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Spur Thigh Or Sulcata?

Discussion in 'Tortoises' started by 3docs, Apr 6, 2006.

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  1. 3docs

    3docs New Member

    Hello,
    I have had what i thought was 2 sulcata torts now for about five years, from the things that ive read and the pics ive seen im beginning to wonder. The bigger of the 2 torts weighs less than 10 Ibs. I have read that after 5 years they could weigh 30 or more, but from all the pics ive seen it looks like a sulcata from the picks. Is the spur thigh and the spur 2 different types? this woud answer alot of the questions i keep having, and if anyone has picks of both if they are different that would be great thanks for the help, Darrell.
     
  2. mshrmheadcharge

    mshrmheadcharge Moderator Staff Member Premium Member

    Welcome ot the HC, someone should be along shortly to answer your question.
     
  3. A lot of people are having this problem, so Sulcatas are just being called Sulcatas from now on. The main difference between the two is size. Sulcatas are the third largest tortoise in the world and can weigh up to 200 pounds, where as spur thigh are a bit smaller. Thier shells are colored a bit different too. If you go to yahoo and put in the sci name for the both species, you should get pics and be able to make a decent conclusion.
    Spur thighed = Testudo graeca ibera
    Sulcata = Geochelone Sulcata

    Just out of curiosity, what do you feed them? Are they in your backyard?
     
  4. zaroba

    zaroba Elite Member

    i always thought they were the same :p
    several internet sites pretty much say thier the same thing :p
     
  5. Merlin

    Merlin Administrator Staff Member Premium Member

    The sulcata is commonly called the African Spur Thighed Tortoise.
    Then there is the Mediterranean Spur Thighed Tortoise.
    You can see where the confusion comes in.
     
  6. zaroba

    zaroba Elite Member

    yea, the african spur theigh is what i was talking about.
    diden't know thier was a mediterranean as well.
     
  7. 3docs

    3docs New Member

    i feed them romaine lettuce,dandilions and i mix in timothy hay, but they never seem to just eat the hay i have to bury the lettuce in with it. I also have a pen outside for them, but i live in ohio so they are in alot. I have a room just for them i built the floor up about 6 inchs and cut out slots for 2 big kitty litter trays and a water tray, filled one with all top soil and one half topsoil and half timothy hay, though i never see them in there, i know they love to borrow so i figured they be in there when the lights went out. i also have a seperate heater in there that keep temp at 76, a heat lamp and a fish tnak hood about a ft off the floor for uvb. Am i doing something worng here cant figure out why they arent bigger, or maybe they are the right size for thier age, around five yrs, the male is about 11 inches long and about 12 Ibs and the female a bit smaller, is that normal?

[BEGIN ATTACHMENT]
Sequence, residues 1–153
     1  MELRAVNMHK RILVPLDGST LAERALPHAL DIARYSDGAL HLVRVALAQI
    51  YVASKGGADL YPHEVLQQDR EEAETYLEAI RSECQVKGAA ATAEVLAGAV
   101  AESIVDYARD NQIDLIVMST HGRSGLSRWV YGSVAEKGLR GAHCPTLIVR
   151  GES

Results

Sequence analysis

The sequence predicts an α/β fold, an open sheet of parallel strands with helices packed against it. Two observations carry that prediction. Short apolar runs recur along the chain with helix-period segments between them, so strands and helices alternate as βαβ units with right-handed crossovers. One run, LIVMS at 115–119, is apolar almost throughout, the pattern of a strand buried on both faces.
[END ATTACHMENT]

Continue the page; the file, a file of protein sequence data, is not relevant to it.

8. Ssativa

    Ssativa Subscribed User Premium Member

    Wow, I always thought they were different names for the same species as well. I learnt something new today!
     
  9. Well I'm not gonna tell you how to take care of your animals, but just give this site a hit.. www.sulcata-station.com
    This site is VERY knowledgable, probably better than most books. My advice would be to read everything on the site.
    Hope it helps!

    Oh and also you could maybe shoot the people who run the site an email with pics of your torts, and I'm sure they could tell you if its a sulcata or not. They know their stuff.
     
  10. SurvivorSteph

    SurvivorSteph Subscribed User Premium Member

    3docs, ditch the romaine in favor of mustard or collard greens. Timothy hay is a great choice. Greens and hay should be about 75-80 % of their diet. The balance should be veggies... winter squash, parsnips, yams, for example. A VERY SMALL part of the diet (less than 5% can be fruit). Do you have UVB light on them? If not, get some good quality UVB from www.reptileuv.com, and give them 15 minutes a day outside until it comes, and LOTS of roam time outside in the summer.
     
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